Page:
US Senators Urge USCIS to Reverse Plan to Deny Citizenship to Permanent Residents Working in the Legal Marijuana Industry

Ten US Democratic senators have written to Attorney General William Barr and Acting Secretary of the Department of Homeland Security (DHS) Kevin McAleenan calling for the DHS to end an immigration policy that bars immigrants who have worked in the legal marijuana industry from becoming US citizens.

In April, the US Citizenship and Immigration Services (USCIS) released a memo clarifying that naturalization applicants who admit using cannabis or working in the legal marijuana market would be ineligible to become citizens on the basis of lacking “good moral character.”

Though the use of marijuana is legalized in some form in 30 states across the US, the drug remains illegal under federal law. The Drug Enforcement Administration (DEA) classifies cannabis as a Schedule 1 narcotic.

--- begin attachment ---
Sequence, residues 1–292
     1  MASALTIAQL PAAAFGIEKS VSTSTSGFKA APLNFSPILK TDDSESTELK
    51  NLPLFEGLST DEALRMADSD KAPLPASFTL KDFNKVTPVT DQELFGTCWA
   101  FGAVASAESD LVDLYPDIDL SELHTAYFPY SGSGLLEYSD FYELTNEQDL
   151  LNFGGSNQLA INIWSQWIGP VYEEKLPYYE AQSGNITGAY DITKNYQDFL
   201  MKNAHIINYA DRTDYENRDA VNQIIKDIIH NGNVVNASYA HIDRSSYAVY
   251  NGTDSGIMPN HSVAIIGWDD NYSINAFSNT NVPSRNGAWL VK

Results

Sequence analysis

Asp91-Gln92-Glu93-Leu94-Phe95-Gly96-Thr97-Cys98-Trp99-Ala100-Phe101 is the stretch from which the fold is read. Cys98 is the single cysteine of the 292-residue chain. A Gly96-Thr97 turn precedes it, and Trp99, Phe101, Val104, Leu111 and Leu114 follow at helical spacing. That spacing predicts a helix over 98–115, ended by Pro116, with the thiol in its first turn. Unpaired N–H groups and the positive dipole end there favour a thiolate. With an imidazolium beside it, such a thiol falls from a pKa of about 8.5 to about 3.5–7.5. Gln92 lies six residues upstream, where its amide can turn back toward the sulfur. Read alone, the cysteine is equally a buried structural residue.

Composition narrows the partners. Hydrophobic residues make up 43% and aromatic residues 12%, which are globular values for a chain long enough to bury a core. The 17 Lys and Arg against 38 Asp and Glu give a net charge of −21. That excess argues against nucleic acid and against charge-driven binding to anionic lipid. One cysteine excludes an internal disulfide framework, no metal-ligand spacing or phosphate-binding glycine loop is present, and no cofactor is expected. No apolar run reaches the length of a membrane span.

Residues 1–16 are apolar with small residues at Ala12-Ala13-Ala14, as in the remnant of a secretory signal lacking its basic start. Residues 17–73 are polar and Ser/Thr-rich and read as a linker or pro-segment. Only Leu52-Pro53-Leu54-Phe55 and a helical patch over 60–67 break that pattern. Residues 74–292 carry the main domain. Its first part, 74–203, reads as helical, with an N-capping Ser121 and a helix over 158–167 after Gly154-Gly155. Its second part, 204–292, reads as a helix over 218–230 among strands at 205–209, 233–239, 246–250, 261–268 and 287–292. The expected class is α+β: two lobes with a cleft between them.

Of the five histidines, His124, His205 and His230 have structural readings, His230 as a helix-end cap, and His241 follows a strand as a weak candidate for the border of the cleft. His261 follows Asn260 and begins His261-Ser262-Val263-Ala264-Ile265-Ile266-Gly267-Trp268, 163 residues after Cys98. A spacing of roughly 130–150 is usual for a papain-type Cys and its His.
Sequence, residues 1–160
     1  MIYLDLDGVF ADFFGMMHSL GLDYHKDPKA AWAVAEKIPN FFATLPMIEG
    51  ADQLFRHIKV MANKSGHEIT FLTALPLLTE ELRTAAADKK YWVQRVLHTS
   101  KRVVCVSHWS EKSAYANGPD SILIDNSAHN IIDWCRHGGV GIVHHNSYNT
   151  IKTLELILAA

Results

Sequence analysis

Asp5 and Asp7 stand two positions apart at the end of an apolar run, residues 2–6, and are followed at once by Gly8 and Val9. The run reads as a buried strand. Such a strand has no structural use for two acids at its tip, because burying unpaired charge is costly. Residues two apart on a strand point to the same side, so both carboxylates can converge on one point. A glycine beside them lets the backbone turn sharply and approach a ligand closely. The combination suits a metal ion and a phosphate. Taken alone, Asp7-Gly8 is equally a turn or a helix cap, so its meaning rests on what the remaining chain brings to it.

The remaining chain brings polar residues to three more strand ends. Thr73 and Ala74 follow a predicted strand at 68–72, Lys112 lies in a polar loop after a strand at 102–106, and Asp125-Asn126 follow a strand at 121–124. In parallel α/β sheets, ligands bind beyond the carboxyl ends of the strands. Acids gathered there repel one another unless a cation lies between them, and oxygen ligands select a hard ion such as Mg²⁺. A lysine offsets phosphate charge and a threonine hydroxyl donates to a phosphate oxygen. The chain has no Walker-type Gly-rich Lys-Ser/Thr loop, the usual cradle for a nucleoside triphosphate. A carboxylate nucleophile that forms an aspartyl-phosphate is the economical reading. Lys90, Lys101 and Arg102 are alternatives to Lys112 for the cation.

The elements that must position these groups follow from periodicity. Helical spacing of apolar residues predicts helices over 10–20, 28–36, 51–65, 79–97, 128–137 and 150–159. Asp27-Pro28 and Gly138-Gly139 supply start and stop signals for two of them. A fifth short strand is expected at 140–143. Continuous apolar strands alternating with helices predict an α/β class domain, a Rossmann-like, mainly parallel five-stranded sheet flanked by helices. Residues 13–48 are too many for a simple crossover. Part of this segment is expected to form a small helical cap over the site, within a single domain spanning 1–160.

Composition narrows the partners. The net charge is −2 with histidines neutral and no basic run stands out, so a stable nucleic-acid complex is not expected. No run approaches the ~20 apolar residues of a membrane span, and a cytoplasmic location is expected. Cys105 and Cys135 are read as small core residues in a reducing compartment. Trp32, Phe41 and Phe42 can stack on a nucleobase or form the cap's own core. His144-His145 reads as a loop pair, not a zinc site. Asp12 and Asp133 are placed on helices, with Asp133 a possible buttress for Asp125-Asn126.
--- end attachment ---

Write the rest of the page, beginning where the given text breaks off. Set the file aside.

Senators Ron Wyden, Patty Murray, Elizabeth Warren, Jacky Rosen, Jeff Merkley, Amy Klobuchar, Catherine Cortez Masto, Kirsten Gillibrand, Cory Booker, and Kamala Harris in their letter say the inconsistencies between federal and stat cannabis laws are confusing for patients, business, and others to navigate, adding that the “gaps in policy should not be exploited to penalize otherwise law-abiding legal permanent residents who seek to naturalize.”

“This mean-spirited change in guidance would prevent, for example, patients who use cannabis for medical conditions from ever actualizing their dream of becoming an American citizen. Attitudes toward cannabis have significantly shifted in recent years in support of legalization and away from federal interference,” added the senators in their letter.

In its response, USCIS through its spokesperson Jessica Collins told CBS News that “federal law does not recognize the decriminalization of marijuana for any purpose, even in places where state or local law does.” CBS News.


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